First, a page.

What new regs for vehicle autonomy will mean for transportation
Monday, February 05, 2018
Courtesy The Verge
With the transportation industry speeding toward the reality of autonomous vehicles sharing U.S. roads, the government is determined to catch up and remove whatever obstacles have been placed in the technology’s way.
According to statements by U.S. Transportation Secretary Elaine Chao last month at the North American International Auto Show at the Cobo Center in Detroit, a new tech-neutral and flexible approach to Obama-era regulations will aim to remove "unnecessary obstacles" to the development of self-driving cars and commercial vehicles.
New guidelines, eased regs
Last month, according to a Secretary Chao, the Trump administration plans to revise and present guidelines for self-driving vehicles this summer. The government is hoping to rewrite regulations that have been accused of posing legal barriers to the autonomous vehicle industry.
According to Chao, the guidelines would apply to "barriers to the safe integration of autonomous technology for motor carriers, transit, trucks, infrastructure and other modes."
This is in response to companies such as Google parent company Alphabet Inc., Toyota and General Motors, among others, who are aggressively pursuing autonomous vehicle technology. The hope from the industry is that Congress can intervene and remove perceived barriers in the race to self-driving cars.
At the moment, there’s legislation in Congress to speed the introduction of self-driving cars; however, it does not include commercial trucks. As a result, federal regulators are moving forward with steps toward the development of broader autonomous transportation guidelines including buses, trucks and other ground-based forms of transport.
To create what Chao has called Federal Automated Vehicle Policy 3.0, three separate notices will be filed in the Federal Register by various U.S. Department of Transportation (DOT) agencies. Regulators will then gather input from the developers of automated vehicles, the public, as well as other parties with interest in the industry.
Roads and bridges
One of the aforementioned notices to be filed by the National Highway Traffic Safety Administration (NHTSA) will focus on identifying regulations that could possibly impede the testing and commercialization of driverless vehicles, and specifically vehicles that do not have the capacity for, nor need, human drivers. These will be vehicles developed without steering wheels, accelerators and brake pedals.
The Federal Highway Administration (FHWA) will issue another notice that will focus on determining what is needed from our country’s infrastructure, roads and bridges to help support and nurture the still growing autonomous vehicle tech.
According to a Commercial Carrier Journal article, "FHWA is looking for feedback on roadway needs, such as lane markings, signage and signals, as well as the so-called digital infrastructure needed to enable vehicle-to-infrastructure communication. The agency is also seeking feedback on cybersecurity concerns, states’ and localities’ concerns about investment and necessary research for infrastructure needs relative to deployment of autonomous vehicles."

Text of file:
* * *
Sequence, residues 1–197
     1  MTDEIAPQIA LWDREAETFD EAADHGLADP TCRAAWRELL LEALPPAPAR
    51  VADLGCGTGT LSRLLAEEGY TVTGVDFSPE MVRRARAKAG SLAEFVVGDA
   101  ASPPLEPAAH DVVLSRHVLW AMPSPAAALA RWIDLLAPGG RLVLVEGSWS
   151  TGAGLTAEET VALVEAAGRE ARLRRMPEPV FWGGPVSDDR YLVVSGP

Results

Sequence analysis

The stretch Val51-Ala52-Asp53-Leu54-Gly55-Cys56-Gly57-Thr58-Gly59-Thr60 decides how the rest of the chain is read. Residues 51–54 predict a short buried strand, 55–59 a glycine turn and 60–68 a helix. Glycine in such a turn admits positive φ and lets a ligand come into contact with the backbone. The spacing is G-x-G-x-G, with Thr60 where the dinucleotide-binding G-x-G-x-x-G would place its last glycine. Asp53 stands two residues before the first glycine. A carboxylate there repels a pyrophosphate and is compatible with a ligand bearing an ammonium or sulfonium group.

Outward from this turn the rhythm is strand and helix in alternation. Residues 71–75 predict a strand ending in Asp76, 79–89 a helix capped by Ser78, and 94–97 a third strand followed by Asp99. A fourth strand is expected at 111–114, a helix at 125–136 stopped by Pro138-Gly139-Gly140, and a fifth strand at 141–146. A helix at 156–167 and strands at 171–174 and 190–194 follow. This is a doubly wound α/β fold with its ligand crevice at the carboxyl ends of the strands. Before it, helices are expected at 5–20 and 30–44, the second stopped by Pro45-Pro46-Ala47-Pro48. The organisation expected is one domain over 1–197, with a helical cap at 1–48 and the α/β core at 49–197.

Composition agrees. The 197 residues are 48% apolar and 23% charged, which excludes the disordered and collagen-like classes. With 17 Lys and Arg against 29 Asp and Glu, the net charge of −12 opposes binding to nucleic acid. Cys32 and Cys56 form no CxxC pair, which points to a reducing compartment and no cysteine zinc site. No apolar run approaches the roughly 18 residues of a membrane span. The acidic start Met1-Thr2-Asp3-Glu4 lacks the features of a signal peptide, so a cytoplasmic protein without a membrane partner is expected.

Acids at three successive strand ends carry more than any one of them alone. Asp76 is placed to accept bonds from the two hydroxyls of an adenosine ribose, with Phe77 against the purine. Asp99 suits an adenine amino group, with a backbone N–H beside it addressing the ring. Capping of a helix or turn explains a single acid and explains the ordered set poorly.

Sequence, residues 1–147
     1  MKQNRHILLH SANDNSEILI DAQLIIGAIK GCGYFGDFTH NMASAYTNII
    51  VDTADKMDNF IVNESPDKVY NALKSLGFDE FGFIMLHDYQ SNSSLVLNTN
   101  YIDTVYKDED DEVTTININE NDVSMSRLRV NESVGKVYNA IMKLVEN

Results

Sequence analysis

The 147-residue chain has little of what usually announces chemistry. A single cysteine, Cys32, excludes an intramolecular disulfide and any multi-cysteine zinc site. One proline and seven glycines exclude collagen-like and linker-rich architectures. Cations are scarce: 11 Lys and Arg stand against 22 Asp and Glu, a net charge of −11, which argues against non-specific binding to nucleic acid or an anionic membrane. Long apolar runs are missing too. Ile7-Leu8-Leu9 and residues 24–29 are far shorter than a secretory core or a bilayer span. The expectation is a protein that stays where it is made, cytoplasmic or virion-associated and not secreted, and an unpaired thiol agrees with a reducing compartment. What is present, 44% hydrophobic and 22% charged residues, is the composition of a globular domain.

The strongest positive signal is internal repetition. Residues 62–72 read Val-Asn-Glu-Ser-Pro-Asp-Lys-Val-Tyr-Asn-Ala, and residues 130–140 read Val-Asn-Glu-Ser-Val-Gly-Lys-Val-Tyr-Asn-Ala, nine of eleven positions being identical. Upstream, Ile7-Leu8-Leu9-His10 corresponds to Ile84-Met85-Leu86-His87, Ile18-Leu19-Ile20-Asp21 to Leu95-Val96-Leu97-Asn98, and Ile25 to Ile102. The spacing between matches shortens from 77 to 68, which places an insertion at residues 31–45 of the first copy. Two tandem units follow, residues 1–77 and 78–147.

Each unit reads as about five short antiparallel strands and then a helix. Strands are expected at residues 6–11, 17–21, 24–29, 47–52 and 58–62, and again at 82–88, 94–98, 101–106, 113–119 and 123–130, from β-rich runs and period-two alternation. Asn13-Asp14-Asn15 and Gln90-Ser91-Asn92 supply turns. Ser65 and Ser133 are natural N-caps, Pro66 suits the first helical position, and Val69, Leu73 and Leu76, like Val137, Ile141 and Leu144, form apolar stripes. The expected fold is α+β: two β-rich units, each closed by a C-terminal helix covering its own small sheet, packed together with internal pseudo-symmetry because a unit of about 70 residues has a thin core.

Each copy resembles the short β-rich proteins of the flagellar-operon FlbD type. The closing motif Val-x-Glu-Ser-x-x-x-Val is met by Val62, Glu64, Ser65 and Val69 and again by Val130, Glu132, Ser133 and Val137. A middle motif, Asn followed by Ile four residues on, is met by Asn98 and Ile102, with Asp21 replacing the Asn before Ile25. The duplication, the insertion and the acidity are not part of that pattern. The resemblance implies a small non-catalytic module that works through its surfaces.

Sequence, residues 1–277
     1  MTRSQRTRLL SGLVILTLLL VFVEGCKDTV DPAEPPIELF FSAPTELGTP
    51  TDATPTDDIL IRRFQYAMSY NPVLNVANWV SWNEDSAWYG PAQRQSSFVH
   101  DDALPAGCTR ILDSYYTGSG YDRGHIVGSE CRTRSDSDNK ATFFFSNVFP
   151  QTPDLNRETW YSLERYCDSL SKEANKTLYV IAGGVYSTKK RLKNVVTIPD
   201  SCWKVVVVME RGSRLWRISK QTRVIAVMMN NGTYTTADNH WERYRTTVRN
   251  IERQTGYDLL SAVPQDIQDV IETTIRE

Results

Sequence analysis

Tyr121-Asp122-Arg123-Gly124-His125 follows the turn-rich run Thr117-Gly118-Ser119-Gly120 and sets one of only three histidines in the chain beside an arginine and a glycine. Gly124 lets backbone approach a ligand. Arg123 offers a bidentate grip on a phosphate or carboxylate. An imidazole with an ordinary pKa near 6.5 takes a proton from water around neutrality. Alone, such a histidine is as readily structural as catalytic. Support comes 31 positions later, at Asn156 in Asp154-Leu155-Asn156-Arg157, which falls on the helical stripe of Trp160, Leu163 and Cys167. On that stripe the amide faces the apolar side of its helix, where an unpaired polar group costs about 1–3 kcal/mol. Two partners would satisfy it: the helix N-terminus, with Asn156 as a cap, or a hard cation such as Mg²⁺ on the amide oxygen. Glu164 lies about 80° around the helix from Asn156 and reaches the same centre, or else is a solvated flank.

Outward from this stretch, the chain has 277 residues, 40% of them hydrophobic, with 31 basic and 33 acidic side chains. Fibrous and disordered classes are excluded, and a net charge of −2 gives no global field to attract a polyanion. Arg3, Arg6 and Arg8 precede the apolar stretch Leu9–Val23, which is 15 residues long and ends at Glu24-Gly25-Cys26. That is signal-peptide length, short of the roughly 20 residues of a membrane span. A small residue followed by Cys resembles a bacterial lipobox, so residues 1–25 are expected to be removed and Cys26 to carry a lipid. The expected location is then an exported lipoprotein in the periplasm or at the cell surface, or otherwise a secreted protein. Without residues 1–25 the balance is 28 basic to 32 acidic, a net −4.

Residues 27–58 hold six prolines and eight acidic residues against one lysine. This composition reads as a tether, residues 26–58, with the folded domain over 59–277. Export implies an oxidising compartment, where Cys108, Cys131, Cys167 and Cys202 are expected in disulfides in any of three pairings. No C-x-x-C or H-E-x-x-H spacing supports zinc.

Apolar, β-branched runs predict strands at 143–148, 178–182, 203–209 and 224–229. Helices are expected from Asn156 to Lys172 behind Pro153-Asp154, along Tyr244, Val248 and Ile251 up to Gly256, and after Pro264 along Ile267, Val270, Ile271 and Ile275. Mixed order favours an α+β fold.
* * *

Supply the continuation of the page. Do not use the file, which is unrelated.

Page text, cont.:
Not everyone is onboard with the rapid progression of the autonomous vehicle industry. In fact, some highway safety advocates are asking that legislators slow things down a bit while safety measures are assured and settled.
According to a Transport Topics article, "Advocates for Highway and Auto Safety is calling on Congress and federal officials to strengthen safety regulations related to autonomous vehicle technology following the release of a public opinion poll, which shows that Americans – regardless of age, political preferences or geographic locations – want increased safeguards."
Approximately 64 percent of survey responders stated that they felt concerned with sharing highways with vehicles that drive themselves, while 73 percent want DOT to create and strengthen autonomous vehicle safety standards.
In a Jan. 12 media conference call, Joan Claybrook, a former administrator with the National Highway Traffic and Safety Administration during the Carter administration said, "It is critical that the U.S. Department of Transportation implement a statutory mandate and issue vehicle safety standards for autonomous cars.…The last thing the public wants is to have DOT standing on the sidelines, allowing auto and tech companies to build and sell cars that have new technologies that do not have to meet minimum government requirements."
However, Secretary Chao’s recent statements of easing regulations seem to conflict with this sentiment.
Despite the apparent conflicting plans between DOT and parts of the public, one thing is for sure: The automotive industry is fully committed to furthering self-driving technology.
For example, Google’s self-driving arm, Waymo, is planning to buy "thousands" of additional Chrysler Pacifica Hybrid minivans for its autonomous ride-hailing service. The recent announcement publically solidifies the companies’ dedication to the development of autonomous vehicles.
Aside from Google, Waymo and Chrysler, other companies have shown similar interest in planting their flags on the ground floor of the budding industry. Ford has expressed plans to buy two startups for the purpose of self-driving tech development. General Motors, for example, is seeking approval of Chevrolet Bolts withour steering wheels.
It is clear the industry is excited for the continued progress of self-driving auto innovation. Now it’s DOT’s chance to navigate through industry expectation, and find a middle ground between easing regulatory restrictions and heeding the public’s call for highway safety.
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